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The Best Courtroom Scene In Law & Order: SVU Season 6

Content warning: the following article deals with suicide and sexual assault.

After Stephanie March's A.D.A. Alexandra Cabot went into witness protection, "Law & Order: Special Victims Unit" filled her formidable shoes, in Season 5, with Diane Neal's Casey Novak. Though she initially struggles to seal with some of the squad's more sensitive cases, in Season 6, Novak proves herself every bit as fearless, dogged, and worthy of the task as her predecessor, and in the season's bold finale, "Goliath," her fervent passion for justice reaches a fever pitch. 

As its title suggests, the episode positions Novak as the proverbial David, in this case, to the U.S. Army's Goliath. After two different veterans begin having violent outbursts and uncharacteristic paranoid delusions — leading to one of them dying by suicide after sexually assaulting and killing his wife — an investigation reveals that an Army-issued anti-malaria drug called Quinium is responsible for their uncontrollable behavior. Novak discovers the military knew about the drug's potentially devastating side effects, but failed to inform its soldiers of the risks before prescribing it to them. The episode is a fictionalized spin on the tragic, true story of a drug called Lariam's role in the 2002 Fort Bragg killings (per ABC News), and, like so many of the best episodes in the "Law & Order" franchise, it imagines a world wherein the untouchable perpetrators of an injustice are (at least) brought to trial.

If you or anyone you know has been a victim of sexual assault, help is available. Visit the Rape, Abuse & Incest National Network website or contact RAINN's National Helpline at 1-800-656-HOPE (4673).

If you or someone you know is having suicidal thoughts, please call the National Suicide Prevention Lifeline at 1-800-273-TALK (8255) or text HOME to the Crisis Text Line at 741741.

Goliath lives up to its name

Novak makes a classic, Sam Waterston-as-Jack McCoy reach when she convenes a Grand Jury in an effort to charge the U.S. Army with sexual assault and murder, since she doesn't believe the affected former soldiers should be held criminally liable for their actions. It's the kind of heroic if naive windmill tilt that audiences adore in a TV attorney, and one Neal manages with gutting emotional realism. 

Novak is unrelenting in her questioning of the head of the pharmaceutical company, an Army Colonel, and an Army doctor who, despite acting as an anonymous whistle blower, denies Quinium's danger while under oath. The determined D.A. refuses to be worn down by the three hostile witnesses' obfuscations and half-truths, but it's to no avail — in the end, the Grand Jury finds that neither the drug company nor the U.S. Army can be held criminally liable for anything.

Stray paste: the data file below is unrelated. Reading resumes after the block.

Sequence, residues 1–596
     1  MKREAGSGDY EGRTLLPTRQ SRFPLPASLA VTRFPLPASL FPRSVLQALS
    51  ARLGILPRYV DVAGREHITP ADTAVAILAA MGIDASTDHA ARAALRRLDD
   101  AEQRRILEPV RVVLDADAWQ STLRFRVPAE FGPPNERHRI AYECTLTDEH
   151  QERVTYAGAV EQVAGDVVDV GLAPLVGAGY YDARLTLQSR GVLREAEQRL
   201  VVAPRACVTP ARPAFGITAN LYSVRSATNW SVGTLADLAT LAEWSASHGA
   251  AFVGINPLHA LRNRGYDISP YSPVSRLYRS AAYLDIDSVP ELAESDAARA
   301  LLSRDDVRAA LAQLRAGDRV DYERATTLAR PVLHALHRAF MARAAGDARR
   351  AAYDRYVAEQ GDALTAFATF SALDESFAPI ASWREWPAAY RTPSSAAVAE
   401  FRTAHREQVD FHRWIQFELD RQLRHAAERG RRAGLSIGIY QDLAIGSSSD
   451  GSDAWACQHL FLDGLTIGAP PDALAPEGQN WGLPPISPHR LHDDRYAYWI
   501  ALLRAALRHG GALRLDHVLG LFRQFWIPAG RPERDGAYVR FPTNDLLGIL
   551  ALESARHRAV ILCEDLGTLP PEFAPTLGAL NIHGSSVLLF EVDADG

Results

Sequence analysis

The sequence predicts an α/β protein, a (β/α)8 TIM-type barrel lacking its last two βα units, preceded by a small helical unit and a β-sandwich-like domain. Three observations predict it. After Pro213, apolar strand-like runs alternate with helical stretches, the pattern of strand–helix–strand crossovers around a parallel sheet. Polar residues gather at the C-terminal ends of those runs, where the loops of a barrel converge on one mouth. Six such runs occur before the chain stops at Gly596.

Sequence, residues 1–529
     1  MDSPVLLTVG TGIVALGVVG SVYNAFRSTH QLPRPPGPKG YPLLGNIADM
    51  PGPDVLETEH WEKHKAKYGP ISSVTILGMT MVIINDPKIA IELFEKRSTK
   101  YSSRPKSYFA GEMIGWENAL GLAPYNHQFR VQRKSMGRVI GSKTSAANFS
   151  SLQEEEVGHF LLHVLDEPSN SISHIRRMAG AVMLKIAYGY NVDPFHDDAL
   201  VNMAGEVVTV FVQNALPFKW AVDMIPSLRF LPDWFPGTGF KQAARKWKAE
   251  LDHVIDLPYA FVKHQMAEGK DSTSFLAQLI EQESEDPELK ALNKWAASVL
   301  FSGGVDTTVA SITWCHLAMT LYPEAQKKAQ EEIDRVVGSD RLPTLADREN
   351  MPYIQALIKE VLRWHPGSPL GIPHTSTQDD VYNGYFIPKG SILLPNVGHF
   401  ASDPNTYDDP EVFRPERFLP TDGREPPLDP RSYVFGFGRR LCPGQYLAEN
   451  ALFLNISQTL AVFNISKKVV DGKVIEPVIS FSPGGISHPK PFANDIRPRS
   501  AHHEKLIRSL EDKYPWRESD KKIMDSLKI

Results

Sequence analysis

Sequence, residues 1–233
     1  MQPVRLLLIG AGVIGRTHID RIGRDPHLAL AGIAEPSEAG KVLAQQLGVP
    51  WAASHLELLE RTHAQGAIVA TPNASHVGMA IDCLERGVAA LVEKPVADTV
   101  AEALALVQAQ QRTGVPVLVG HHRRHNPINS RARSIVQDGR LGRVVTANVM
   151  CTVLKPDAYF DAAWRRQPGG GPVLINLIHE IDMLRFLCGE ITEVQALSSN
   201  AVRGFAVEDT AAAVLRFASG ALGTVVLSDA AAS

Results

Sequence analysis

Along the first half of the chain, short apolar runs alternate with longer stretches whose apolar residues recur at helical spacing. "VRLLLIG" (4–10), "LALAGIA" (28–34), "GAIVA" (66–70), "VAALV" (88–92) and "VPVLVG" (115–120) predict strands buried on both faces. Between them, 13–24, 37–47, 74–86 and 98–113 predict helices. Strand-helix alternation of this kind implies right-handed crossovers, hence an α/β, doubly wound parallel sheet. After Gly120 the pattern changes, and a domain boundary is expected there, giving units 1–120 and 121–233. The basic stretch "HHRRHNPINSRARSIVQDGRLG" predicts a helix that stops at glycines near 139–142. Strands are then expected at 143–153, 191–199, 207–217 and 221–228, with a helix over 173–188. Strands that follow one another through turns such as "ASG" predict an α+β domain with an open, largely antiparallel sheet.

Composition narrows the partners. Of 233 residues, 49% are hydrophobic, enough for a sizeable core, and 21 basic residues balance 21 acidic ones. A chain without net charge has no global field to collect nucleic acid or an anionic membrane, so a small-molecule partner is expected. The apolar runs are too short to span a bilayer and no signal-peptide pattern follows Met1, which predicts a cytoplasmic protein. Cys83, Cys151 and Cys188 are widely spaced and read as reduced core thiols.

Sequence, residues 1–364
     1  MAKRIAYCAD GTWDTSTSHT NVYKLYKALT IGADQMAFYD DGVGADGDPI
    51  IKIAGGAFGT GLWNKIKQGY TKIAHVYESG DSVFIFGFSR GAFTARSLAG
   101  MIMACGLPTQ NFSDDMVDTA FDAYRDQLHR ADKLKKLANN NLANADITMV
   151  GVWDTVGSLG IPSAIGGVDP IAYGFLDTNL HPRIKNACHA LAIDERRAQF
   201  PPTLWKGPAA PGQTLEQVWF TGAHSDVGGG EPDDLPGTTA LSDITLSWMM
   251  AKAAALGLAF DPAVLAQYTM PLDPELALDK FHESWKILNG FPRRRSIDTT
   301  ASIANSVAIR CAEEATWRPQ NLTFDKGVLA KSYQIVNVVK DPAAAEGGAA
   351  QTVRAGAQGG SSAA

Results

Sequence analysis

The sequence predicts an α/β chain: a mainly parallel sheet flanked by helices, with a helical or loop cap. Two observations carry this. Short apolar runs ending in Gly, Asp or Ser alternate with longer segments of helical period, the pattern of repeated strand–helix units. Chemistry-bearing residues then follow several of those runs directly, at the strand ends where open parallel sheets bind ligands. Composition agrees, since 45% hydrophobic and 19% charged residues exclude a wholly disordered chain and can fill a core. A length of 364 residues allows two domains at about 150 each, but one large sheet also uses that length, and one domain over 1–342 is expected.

While disheartening, the true-to-life futility of the trial (via ABC News) is part of what makes the courtroom scene so brilliant. "Goliath" refuses to give us a rosy, unrealistic portrayal of either the effectiveness of our justice system or the mechanics of our society. When Novak asks the doctor why he turned on her, since she could have protected him if he let the truth come out, he says sympathetically, "Ms. Novak you are very young — and that is not the way the world works." Thus, the entire episode, and its courtroom scene in particular, speak to an uncomfortable truth.

Goliath's courtroom scene is all-too-realistic

Everything about the scene, from its premise to its camera work, speaks to the gap between television justice and reality, and how that gap creates our need to consume the former. It's no accident, for instance, that both the Colonel and the doctor are consistently framed so it appears as though they've literally turned their back on the U.S. flag, and all the liberty and justice for all it is meant to symbolize. Despite providing audiences, for decades, with hero lawyers willing to go to the ends of the earth to seek and obtain justice for The People, the "SVU" Season 6 finale reminds us that the Just-World Fallacy is just that — a fallacy. 

This is something most viewers are aware of where our legal system is concerned, as evidenced by a 2018 non-partisan poll showing the vast majority of Americans believe the justice system is in dire need of reform (via Politico). But despite this knowledge, or perhaps as a result of it, we continue to consume media that tells us our law enforcement and justice systems are infallible pillars of integrity and fairness. 

We want to believe that McCoy and Novak not only exist, but that they are out there ensuring the blame for a tragedy falls where it properly should. But as the courtroom scene in "Goliath" so effectively reminds us, "That is not the way the world works." In real life, the military continued to use Larium for over a decade following the events at Fort Bragg, and the still-on-the-market drug was under examination as recently as 2019 (via Military Times).